Health. How the covid virus enters, stays… and moves in the brain

Health.  How the covid virus enters, stays… and moves in the brain

We learn every day a little more about “long covid”, but its mechanisms remain quite mysterious. A new publication from researchers at the Pasteur Institute confirms certain hypotheses and allows us to see things a little more clearly.

According to them, “several variants of Sars-CoV-2” have a “capacity to infect the central nervous system” – in other words the brain. But not only that: “The study also confirms that Sars-CoV-2 is capable […] to move inside the axons”, these “extensions” of neurons which allow information to circulate. In this study published in Naturethey highlight that “t“All Sars-CoV-2 variants are neuroinvasive”, regardless of the intensity of the infection at the start.

Hence neurological symptoms during infection, such as loss of taste or smell, but also afterwards – such as persistence of breathing difficulties, chronic fatigue, problems with concentration, behavior, etc.

The study recalls that “the neurological symptoms associated with Sars-Cov-2 infection have varied” over the course of the epidemic and the appearance of new variants: loss of smell has become, for example, less frequent . The scientists therefore wanted to check if this development was “the sign of a more or less strong affinity of Sars-CoV-2 for the nervous system”.

Covid, a virus “neurotropic”

They worked on a “panel of variants of interest”: the original strain, then Gamma, Delta and Omicron/BA.1. Result: all affect the brain – in particular the olfactory bulb – from the acute phase of the infection, whatever the variant.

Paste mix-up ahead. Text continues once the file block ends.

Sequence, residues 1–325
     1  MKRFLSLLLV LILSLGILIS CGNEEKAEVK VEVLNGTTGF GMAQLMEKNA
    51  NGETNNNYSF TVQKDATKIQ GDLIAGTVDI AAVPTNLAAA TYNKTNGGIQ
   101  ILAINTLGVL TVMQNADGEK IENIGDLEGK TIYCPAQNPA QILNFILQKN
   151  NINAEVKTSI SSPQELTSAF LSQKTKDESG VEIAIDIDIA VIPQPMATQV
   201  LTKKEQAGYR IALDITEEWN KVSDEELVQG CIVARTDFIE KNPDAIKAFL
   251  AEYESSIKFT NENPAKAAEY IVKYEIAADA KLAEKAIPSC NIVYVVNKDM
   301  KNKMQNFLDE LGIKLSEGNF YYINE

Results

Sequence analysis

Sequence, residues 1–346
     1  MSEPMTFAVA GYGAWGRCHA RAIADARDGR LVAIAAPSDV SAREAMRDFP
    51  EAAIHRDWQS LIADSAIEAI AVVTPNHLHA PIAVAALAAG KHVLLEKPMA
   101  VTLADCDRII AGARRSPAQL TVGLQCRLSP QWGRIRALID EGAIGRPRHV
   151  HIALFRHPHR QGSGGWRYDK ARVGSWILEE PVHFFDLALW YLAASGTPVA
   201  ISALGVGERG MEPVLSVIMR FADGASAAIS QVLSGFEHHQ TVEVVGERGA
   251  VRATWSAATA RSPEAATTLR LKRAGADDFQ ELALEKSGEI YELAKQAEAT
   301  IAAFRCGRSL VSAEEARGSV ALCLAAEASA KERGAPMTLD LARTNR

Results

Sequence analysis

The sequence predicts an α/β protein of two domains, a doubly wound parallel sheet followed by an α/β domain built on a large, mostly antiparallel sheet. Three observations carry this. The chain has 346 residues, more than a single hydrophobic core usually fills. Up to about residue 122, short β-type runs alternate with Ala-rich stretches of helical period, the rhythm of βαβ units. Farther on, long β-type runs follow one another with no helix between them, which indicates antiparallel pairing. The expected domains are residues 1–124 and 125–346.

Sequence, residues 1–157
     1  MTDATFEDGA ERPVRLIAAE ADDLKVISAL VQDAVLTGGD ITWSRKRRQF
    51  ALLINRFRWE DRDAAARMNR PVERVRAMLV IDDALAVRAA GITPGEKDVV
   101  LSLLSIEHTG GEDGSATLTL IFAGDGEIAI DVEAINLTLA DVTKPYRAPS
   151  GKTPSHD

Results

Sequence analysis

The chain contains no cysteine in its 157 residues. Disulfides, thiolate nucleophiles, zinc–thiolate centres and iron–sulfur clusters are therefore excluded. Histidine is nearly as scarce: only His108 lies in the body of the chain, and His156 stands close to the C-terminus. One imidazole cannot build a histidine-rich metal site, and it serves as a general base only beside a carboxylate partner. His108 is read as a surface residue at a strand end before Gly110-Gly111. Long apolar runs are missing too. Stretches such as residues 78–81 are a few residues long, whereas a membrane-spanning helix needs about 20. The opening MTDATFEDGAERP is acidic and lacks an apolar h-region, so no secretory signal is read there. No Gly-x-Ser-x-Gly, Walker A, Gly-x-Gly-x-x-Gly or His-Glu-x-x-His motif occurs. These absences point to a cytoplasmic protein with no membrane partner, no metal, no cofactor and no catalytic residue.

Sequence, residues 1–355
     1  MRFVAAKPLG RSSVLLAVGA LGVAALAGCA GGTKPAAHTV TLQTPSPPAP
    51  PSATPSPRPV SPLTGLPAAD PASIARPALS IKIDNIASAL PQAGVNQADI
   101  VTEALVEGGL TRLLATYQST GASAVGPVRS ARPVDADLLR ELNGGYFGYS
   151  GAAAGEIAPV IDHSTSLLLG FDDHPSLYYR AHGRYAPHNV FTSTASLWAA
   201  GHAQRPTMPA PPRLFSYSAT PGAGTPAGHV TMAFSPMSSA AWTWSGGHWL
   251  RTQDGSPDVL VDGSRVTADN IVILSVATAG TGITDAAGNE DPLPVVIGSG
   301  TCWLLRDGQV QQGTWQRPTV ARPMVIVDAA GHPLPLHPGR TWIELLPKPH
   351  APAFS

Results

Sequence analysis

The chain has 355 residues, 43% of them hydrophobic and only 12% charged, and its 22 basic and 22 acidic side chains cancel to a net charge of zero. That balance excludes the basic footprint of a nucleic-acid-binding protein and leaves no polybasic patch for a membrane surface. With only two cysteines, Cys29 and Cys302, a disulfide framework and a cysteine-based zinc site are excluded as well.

But without necessarily causing loss of smell, which would be mainly linked to the original strain, called “Wuhan”: this has “a genetic sequence” responsible for the loss of smell, and absent from other variants. But these still infect the brain, including the olfactory bulb, note the researchers, who carried out this work on animals.

Therefore, one of the authors, Guilherme Dias de Melo, believes that “it is entirely possible that an infection, even asymptomatic – and therefore clinically benign – is characterized by diffusion of the virus in the nervous system. »

It remained to be seen how the virus could reach the olfactory bulb: thanks to experiments carried out in vitro, they established that once inside the neuron, “the virus is capable of moving in both directions of the axon » – in other words the “roads” which connect all the neurons together. Worse: viruses can travel in all directions. In other words, “the virus seems to effectively exploit the physiological mechanisms of the neuron to move in both directions”.

They therefore conclude that covid-19, much more than a “simple” respiratory infection, is “neurotropic”. They still have to demonstrate what has been strongly suspected so far: how “the presence of the virus can induce persistent inflammation and cause persistent symptoms described in cases of long covid, such as anxiety, depression or even brain fog. » – among the symptoms most often described.

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